Most people, at some point of their lives, have tortured inferior insects whether it be pulling the wings off a fly or crushing an ant. In the poem “Thoughtless Cruelty” by Charles Lamb the reader can see that the author is indeed angry about such a thing. The author uses the poetic devices such as diction, rhyme, and detail to describe his attitude toward those who perform such “Thoughtless Cruelty”.
The author first directs his attention to “Robert” that has “kill’d that fly”. The author then says the man was “devoid Of thought and sense” to have killed the fly. Here, the author is implying that “Robert” must have been stupid for killing the innocent creature. The author goes on talking about natural death as a bird “devours” it or a “cold blast in the night” will take its life. By describing the natural causes of the insect’s death, Lamb sympathizes for the creature because of its unnatural death. Lamb continues discussing that pain exists in even “The greatest being”, and even the “smallest ones possess” the feeling of death and pain experienced before. The author goes on with more detail in the piece about the crude humor in the creature’s horrible death.
Lamb explains, “The life you’ve taken to supply, You could not do it” that the life “Robert” has taken cannot be restored, no matter how hard he tries. The author tries to make “Robert” feel guilty by enlightening him, “A thing which no way you annoy’d – You’ll one day rue it”, suggesting that one day he will realize his cruelty and morn the death of the fly. “The bird but seeks his proper food… May just take [its life]”. Here Lamb goes into more detail about the natural death the fly may have experienced. “A life by Nature made so short, Less reason is that you for sport Should shorter make it.” Lamb again tries to weigh more guilt upon “Robert”. “Although their frame and structure less Escape our seeing,” they still experience pain and its horrors.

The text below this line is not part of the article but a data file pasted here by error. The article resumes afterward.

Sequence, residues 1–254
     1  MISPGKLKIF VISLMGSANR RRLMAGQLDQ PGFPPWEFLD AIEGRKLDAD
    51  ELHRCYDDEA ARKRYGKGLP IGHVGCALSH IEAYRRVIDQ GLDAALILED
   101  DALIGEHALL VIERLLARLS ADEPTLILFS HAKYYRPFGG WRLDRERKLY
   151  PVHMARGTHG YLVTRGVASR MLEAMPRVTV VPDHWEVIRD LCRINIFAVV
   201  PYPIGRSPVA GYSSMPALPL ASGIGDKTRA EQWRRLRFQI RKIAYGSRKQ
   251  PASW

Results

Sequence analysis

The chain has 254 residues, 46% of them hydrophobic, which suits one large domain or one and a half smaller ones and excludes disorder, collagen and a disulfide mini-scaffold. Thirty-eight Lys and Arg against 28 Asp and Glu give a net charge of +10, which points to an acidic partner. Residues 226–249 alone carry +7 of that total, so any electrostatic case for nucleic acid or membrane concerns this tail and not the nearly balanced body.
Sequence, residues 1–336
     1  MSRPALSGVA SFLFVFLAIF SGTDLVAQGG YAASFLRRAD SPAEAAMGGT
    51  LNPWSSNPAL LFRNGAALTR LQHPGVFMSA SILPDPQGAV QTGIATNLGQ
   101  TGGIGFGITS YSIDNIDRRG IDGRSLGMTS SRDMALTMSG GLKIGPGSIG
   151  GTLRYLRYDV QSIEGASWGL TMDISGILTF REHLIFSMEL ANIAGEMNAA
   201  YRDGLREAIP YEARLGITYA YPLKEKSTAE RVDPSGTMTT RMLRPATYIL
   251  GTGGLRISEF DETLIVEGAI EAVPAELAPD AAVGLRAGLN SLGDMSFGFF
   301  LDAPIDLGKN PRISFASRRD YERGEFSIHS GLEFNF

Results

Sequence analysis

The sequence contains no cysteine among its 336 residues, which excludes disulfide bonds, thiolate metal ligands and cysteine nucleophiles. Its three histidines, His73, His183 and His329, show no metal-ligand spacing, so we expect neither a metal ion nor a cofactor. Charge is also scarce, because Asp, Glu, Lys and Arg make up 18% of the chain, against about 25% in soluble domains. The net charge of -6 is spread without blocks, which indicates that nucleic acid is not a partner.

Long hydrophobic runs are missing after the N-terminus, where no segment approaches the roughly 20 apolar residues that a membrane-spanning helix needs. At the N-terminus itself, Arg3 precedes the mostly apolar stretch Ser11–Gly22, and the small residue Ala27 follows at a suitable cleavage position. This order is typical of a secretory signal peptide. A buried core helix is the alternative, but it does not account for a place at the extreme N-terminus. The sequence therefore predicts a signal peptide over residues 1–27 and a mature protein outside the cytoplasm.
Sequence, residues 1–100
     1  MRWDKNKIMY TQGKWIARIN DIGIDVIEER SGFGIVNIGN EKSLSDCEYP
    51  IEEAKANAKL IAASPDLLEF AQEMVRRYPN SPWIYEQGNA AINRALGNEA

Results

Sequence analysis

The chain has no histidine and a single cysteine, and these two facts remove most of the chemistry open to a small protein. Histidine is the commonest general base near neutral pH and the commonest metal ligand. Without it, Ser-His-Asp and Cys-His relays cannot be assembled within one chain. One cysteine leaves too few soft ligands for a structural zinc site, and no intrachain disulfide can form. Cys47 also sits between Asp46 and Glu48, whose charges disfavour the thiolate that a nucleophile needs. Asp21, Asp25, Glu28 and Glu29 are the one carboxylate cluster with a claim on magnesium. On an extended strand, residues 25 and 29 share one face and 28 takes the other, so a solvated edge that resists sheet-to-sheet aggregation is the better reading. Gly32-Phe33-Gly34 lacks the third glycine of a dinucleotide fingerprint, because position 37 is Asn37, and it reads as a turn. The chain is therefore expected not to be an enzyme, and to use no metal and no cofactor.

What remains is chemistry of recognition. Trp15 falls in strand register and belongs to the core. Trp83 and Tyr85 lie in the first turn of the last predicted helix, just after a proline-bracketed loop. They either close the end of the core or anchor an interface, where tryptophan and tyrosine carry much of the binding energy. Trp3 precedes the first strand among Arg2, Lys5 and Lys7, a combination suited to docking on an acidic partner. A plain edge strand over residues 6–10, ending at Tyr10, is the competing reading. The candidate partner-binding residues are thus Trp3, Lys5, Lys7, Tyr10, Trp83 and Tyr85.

Though the rhyme scheme of AAAB, Charles Lamb starts to use the poetic device of rhyme to also express his attitude. In the first stanza, he talks about how “Robert, killed that “fly”, but not matter how hard he may “try” to “supply” the life he has taken, he could never “do it”. In the second stanza Lamb writes that “Robert” must have been “devoid” of thinking to have “destroy’d” the fly that he never “annoy’d”, and will one day “rue it”, expressing negativity by sympathizing for the innocent creature. The author then goes into the natural death by illustrating the bird seeking its “food”, that fate whose power “endu’d” the fly thinks the time is “good” will take “it”. Finally, the author fully expresses himself when he explains the pain “The greatest being” can have with its “flesh” that even the fly may “possess”, small and structure “less” may escape our “seeing”.
All in all, the author uses many poetic devices such as diction, detail, and rhyme to express his attitude toward, what seems tragic to the author, event. Even the title “Thoughtless Cruelty” expresses the authors feelings. Things may be different now, when you see a fly, pulling the wings off a fly may not seem the same.